During a New York State Senate Ag Committee hearing last month, agricultural law attorney and dairy producer Lorraine Lewandrowski asked New York State Senators to consider state-level legislation to make it legal to offer whole milk in schools as a starting point vs. federal jurisdiction. Her request was met with dumbfounded shock that this was even an issue, and some indication that it was worth taking a look at.

This week, retired agribusinessman Bernie Morrissey — chairman of the Grassroots PA Dairy Advisory Committee — met with leaders in the Pennsylvania State Senate. He reports that state legislation to allow whole milk in schools was a top priority in that discussion.

In fact, Nelson Troutman, originator of the Drink Whole Milk 97% Fat Free painted round bales has urged states to get involved on this issue from the beginning.

“We can’t fix everything at the national level, we have to save Pennsylvania,” said Troutman, a Berks County, Pennsylvania dairy farmer.

The 97 Milk education effort that became a grassroots groundswell after Troutman painted his original round bale initially focused on Pennsylvania. However, the online and social media presence of 97milk.com and @97Milk on facebook since February 2019 has become nationwide, even global, in reach and participation.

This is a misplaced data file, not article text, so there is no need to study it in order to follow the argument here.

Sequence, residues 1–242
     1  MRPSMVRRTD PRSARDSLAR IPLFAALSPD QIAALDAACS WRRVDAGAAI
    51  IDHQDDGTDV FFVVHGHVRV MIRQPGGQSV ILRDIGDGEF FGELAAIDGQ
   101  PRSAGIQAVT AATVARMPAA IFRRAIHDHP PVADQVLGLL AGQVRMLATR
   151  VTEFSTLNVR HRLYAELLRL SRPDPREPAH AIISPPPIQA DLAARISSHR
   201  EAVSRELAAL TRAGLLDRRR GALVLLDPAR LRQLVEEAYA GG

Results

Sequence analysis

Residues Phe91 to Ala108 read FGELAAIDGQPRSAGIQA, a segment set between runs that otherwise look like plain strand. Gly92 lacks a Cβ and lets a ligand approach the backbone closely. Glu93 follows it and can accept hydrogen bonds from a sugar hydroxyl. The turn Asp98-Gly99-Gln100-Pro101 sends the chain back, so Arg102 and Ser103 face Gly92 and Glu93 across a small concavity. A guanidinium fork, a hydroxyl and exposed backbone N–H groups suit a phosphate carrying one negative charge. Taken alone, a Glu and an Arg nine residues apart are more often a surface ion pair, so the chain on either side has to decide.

For two years, Morrissey has garnered agribusiness support for various banners, yard signs and other tangible signs of support for whole milk in schools. Requests have come in from other states. The 97 Milk group also operates solely on donations and offers several options for showing support at their online store, where purchase requests come in from across the country as well. In addition, farm photos and ideas have come into 97 Milk from producers across the Northeast, Southeast, Midwest and West.